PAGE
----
Vauchel says he can't explain why the boys told their parents he was violent toward them. "I don't exactly know what happens in the children's minds," he says. And, he adds, "these are the kinds of parents who say their kids never lie."

After 7-year-old Mason told Judge Blanchard that he sometimes made up stories, and 8-year-old Sebastien froze on the witness stand, Blanchard decided the case couldn't go on. He didn't call any other witnesses, including parents and a child who had come to speak in support of Vauchel. "The DA (then) tried to dismiss the case, and I objected," Rittenberg says. "The difference is that if you dismiss the case, you can bring him back up later on. Finding him not guilty -- that's acquittal."

Others who knew Vauchel say they were fully prepared to defend him in court. Marie-Francoise Crouch, a volunteer at ISL who has taught everyone from kindergartners to adults, says that "in my 41 years of teaching, I've never seen a teacher as experienced as Jean Phillipe Vauchel." She says his strict demeanor was probably misinterpreted by some parents.

"You have to be demanding in order for your child to produce, and parents have a hard time understanding that," Crouch says. Another volunteer at ISL, Sonia Cohen, echoes this praise of Vauchel. She objects to parents' accusations that Vauchel would keep his classroom closed off to outsiders. "The door of his class was always open."

But to Reese Johansen, the not-guilty verdict doesn't mean Vauchel didn't commit the crimes. She says the boys had been unable to provide proper testimony because Vauchel was present in the courtroom -- and the kids' parents were not. (As potential witnesses themselves, the parents weren't allowed to hear the children's testimony.) Johansen believes that the courtroom environment intimidated the 7- and 8-year-olds and adds that the one adult who could have shed light on what really happened in Vauchel's classroom -- assistant teacher Virginie Dufieux -- had moved back to France before the trial. Both sides claim Dufieux would have supported their version of events.

Johansen says her son was anxious about testifying. "He straddled the fence; he was nervous, but in the end he said he wanted to," she says. "He knew that if he talked, he could probably stop this teacher from teaching other kids." When Sebastien came out of the courtroom, he told her he'd been too scared to answer the judge's questions. "He was disappointed in himself," Johansen says. "He asked, 'Is Jean Phillipe going to be able to teach again?'"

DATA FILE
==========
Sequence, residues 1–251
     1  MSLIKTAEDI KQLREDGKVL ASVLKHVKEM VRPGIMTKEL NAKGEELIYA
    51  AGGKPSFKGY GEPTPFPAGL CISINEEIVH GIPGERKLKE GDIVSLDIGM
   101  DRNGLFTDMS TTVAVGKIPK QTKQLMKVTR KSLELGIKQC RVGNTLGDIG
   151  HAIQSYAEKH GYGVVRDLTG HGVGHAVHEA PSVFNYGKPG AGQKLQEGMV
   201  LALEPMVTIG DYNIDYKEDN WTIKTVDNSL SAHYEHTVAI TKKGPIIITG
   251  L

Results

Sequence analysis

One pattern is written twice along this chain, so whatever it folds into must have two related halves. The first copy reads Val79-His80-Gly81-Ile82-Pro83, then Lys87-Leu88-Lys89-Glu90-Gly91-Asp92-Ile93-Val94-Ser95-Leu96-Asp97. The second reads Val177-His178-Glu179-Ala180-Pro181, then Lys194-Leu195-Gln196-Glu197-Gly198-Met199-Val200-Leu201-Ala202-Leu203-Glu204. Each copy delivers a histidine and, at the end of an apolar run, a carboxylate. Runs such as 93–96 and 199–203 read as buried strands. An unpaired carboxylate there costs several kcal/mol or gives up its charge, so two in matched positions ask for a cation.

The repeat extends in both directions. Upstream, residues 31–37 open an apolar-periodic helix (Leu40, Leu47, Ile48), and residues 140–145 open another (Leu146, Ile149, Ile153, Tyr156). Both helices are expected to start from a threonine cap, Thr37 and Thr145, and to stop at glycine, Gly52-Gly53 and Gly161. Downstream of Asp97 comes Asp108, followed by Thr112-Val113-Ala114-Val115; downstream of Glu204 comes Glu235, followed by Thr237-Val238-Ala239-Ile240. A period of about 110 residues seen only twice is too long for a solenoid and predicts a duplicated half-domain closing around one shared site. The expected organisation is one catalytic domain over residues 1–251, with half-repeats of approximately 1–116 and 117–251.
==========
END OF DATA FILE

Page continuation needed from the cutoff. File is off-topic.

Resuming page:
Stacie LeBlanc, a former Jefferson Parish prosecutor who supervised a felony child abuse program, has prepared many children for the prospect of testifying against an accused abuser. Testifying in court "is an intimidating experience, even for an adult," says LeBlanc, now an attorney for the child abuse program at Children's Hospital of New Orleans. "Preparation is what it's all about."

LeBlanc says she would get children ready for their testimony by taking them to the courtroom, showing them where different people would be situated -- the judge, the jury, the defendant -- and going over the questions that would be asked. In extreme cases, including sexual abuse, child witnesses would sometimes give testimony in the judge's chambers or on videotape, away from the accused abuser. "It's not as threatening to the child" as it is to testify in front of the defendant, LeBlanc says. The Vauchel case was not considered extreme, and none of these options were offered to the children.

A child who isn't well-prepared for such an experience would very likely find it overwhelming, says LeBlanc. However, she believes that just participating in the court process is often helpful for young witnesses -- even when it doesn't lead to a guilty verdict. "Children whose cases were resolved with their participation, regardless of the outcome, tend to improve once the case is closed," LeBlanc says. "It's the closure aspect of it."

Johansen says that seeking closure was the main motivation behind her decision to allow Sebastien to testify. She also wanted him to learn the lesson "that you need to go through every avenue and every means possible to defend yourself."

"Of course I would have preferred for [Vauchel] to have been found guilty, but it's over with," Johansen says. "It's behind us, and the life lesson to my son has been taught." Johansen says she plans to return Sebastien to ISL next year and to become involved in a new parents' association at the school. Hebert, who could not comment for this story because she was undergoing surgery, has indicated she plans to pursue the case in civil court. She is enrolling Mason in a different school.

For Vauchel, the not-guilty verdict provided vindication -- but not resolution. He says he'd like to work in the United States again, but for now he's going to seek opportunities in France and try to "clean my reputation," he says. He returned to France on June 17.